Massive AIDS campaign gears up
Almost a decade ago, the development of an effective treatment for the human immunodeficiency virus (HIV) that causes AIDS opened an ugly new gap in the global divide between rich and poor. People in wealthy countries could get the expensive new drugs, known as anti-retrovirals (ARVs), and live. For people in poor countries, there would be no drugs, only the certainty of a slow and agonizing death. And die they did, in the millions.
AIDS activists in South Africa: anti-retroviral medicines now give some hope for the future.
Photo : ©AFP / Getty Images / Rajesh Jantilal
Declaring the inability of the poor to obtain HIV/AIDS medications "a global health emergency," the director-general of the UN's World Health Organization (WHO), Dr. Lee Jong-wook, launched a global drive to provide life-extending ARVs to 3 million people, including 2 million in Africa, by the end of 2005. It is known as the "3x5" campaign.
About 6 million people worldwide currently require ARVs, which are prescribed only to those in the last stages of the disease. It is also a long-term commitment, since the drugs do not cure the disease and must continue for life. "To deliver anti-retroviral treatment to the millions who need it we must change the way we think and change the way we act," noted Dr. Lee. "Business as usual will not work. Business as usual means watching thousands of people die every single day."
For 30 million HIV-positive people in Africa, it is a matter of life or death. HIV, which attacks the body's natural defences against infection, has had its greatest impact in sub-Saharan Africa, where poverty, weak public health systems, fear of stigmatization and the high cost of testing and treatment have allowed the virus to spread virtually unchecked. The UN estimates that no more than 100,000 of the over 4 million Africans who need ARV medications receive them.
The campaign will be modelled after WHO's emergency response to the SARS epidemic, a highly infectious respiratory illness that was quickly contained by a coordinated global effort last year. WHO technical experts will be dispatched to countries to help local authorities establish testing, distribution and treatment facilities. WHO will also develop standardized and simplified treatment protocols, design training schemes for 100,000 additional health workers and create a central information clearing-house on drug quality, availability and prices.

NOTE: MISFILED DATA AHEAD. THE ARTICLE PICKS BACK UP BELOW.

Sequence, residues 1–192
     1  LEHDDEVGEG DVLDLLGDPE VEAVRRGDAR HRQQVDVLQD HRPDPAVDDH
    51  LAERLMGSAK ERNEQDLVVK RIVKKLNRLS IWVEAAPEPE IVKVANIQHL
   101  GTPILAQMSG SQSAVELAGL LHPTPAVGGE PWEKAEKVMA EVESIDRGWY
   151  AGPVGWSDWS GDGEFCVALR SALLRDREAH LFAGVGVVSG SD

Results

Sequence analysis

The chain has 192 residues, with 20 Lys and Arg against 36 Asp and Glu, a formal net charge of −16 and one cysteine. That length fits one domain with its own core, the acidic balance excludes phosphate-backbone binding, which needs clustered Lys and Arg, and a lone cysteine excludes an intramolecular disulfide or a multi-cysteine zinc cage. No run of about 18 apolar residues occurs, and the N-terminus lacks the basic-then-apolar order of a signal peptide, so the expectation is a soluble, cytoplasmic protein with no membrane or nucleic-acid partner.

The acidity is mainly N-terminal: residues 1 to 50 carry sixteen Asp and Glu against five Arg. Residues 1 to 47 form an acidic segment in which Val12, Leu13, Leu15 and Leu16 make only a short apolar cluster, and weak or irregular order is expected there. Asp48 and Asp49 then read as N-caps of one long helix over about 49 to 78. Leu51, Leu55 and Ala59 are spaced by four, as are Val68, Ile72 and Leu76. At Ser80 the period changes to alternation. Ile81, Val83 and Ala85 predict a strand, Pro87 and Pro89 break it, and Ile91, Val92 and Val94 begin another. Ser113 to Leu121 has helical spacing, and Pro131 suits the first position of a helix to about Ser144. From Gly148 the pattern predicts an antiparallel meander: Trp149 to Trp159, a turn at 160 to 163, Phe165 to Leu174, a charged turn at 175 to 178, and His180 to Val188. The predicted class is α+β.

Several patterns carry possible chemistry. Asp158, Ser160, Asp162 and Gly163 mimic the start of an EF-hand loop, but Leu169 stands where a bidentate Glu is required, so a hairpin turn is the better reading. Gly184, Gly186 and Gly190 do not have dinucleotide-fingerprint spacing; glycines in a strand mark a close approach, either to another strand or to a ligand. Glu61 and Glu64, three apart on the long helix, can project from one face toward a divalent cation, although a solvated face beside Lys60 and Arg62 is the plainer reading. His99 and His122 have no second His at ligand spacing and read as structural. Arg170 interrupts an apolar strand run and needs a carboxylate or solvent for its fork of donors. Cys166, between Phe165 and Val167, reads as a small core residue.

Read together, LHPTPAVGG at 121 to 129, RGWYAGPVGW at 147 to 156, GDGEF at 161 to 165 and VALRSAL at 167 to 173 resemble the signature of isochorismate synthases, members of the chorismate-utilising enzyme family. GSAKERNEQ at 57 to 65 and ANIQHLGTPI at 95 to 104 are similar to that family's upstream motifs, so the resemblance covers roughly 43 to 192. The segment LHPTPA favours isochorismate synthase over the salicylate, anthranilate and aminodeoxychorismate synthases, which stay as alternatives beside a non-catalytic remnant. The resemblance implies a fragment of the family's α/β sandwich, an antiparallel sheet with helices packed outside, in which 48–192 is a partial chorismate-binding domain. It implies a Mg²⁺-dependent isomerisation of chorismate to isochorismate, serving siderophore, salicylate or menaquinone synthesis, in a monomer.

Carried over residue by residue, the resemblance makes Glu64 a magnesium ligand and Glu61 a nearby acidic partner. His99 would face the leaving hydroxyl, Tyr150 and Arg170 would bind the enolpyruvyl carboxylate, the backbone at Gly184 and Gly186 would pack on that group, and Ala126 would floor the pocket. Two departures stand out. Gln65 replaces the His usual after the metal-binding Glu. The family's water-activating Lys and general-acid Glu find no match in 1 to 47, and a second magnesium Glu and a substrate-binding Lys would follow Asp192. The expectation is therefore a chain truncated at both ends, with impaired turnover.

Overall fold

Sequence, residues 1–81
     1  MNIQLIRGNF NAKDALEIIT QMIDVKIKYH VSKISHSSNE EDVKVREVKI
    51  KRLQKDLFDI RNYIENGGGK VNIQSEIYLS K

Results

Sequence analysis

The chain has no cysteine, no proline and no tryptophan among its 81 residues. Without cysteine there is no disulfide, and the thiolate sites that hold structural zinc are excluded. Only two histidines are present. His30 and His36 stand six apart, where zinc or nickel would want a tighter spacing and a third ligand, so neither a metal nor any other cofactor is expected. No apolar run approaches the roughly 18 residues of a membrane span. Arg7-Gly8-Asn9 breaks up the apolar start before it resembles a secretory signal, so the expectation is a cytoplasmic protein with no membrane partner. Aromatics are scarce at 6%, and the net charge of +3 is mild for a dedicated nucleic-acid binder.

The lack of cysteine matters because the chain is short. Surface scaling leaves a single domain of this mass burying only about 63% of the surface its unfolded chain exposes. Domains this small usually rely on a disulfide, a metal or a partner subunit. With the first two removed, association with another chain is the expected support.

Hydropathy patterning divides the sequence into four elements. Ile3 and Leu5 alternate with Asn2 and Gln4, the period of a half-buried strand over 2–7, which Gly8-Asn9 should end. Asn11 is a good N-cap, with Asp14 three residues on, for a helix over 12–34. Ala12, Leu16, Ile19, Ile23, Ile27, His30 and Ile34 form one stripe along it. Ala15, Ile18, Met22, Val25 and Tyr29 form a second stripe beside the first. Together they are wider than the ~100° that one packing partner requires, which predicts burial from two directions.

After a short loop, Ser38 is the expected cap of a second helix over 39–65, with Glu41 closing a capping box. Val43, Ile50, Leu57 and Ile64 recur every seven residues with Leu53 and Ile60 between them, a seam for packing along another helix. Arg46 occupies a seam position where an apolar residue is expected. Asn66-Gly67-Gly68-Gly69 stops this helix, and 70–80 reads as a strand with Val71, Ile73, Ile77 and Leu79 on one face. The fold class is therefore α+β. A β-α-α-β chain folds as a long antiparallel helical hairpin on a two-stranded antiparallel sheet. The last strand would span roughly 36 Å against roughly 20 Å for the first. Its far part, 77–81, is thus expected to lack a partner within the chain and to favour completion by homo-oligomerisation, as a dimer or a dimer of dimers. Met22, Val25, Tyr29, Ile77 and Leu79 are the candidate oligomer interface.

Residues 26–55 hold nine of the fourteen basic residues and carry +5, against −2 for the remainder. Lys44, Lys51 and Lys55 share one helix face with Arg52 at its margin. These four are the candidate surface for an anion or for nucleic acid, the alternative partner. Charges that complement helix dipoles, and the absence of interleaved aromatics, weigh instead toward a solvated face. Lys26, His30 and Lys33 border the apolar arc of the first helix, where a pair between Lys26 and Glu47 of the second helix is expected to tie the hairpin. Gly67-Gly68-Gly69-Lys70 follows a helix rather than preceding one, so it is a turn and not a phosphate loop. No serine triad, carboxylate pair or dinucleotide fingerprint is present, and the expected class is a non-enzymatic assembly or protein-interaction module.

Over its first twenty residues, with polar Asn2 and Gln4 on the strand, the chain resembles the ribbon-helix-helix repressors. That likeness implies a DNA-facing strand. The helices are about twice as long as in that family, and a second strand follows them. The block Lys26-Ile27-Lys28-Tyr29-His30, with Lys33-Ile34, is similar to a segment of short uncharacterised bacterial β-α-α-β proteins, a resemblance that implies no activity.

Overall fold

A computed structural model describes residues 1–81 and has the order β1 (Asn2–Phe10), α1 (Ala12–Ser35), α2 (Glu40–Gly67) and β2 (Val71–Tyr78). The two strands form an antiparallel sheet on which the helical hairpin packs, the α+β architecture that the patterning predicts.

"It will take a huge effort, an unprecedented effort, by all the stakeholders if we are to go from having 300,000 people in poor countries [on ARVs] to 3 million in just two years.... Our targets are difficult but they are possible."
-- Dr. Paolo Teixeira, 3x5 campaign director
Photo: Africa Recovery / Michael Fleshman
It is a hugely ambitious undertaking, intended to increase the number of people on ARV treatment 10-fold in just two years. It is also a victory for Africa, said Ms. Milly Katana, the lobbying and advocacy director for the non-governmental Health Rights Action Group in Uganda. Speaking from her home in Kampala, Ms. Katana, who also sits on the board of the Global Fund to Fight AIDS, Tuberculosis and Malaria, told Africa Recovery that "for years we argued with the donors, the multinational drug companies and even some private foundations and non-governmental groups that treatment was possible. And we heard every kind of excuse why it could not be done." Now, the argument is not whether to treat the poor but how. "That is the breakthrough," she said. "The 3x5 campaign is a victory for the efforts and struggles of people in Africa living with HIV/AIDS."
Treatment 'must be possible'
But can it be done? Interviewed by Africa Recovery in New York in early February, the 3x5 campaign director, Dr. Paolo Teixeira, readily acknowledged that the technical, financial and political obstacles to success are enormous. "It will take a huge effort, an unprecedented effort, by all the stakeholders if we are to go from having 300,000 people in poor countries [on ARVs] to 3 million in just two years," he said. "Governments, civil society, donors, multilateral agencies, drug companies, non-governmental organizations [NGOs], and even WHO must come together as never before. Our targets are difficult but they are possible," he continued. "They must be possible. Think of the lives that are at stake."
Dr. Teixeira, an architect of Brazil's model national treatment programme before joining WHO, argued that a number of factors make this the right time for a global commitment to treatment access, including:
-- Drug prices. Pressure from people living with HIV/AIDS and competition from low-cost manufacturers of generic copies of patented ARV drugs have seen prices drop in recent years from $12,000 - $15,000 annually to as low as $300 per year in developing countries. A recent agreement between some generics manufacturers and former US President Bill Clinton could bring the price down to $140 a year -- less than 40 cents per day.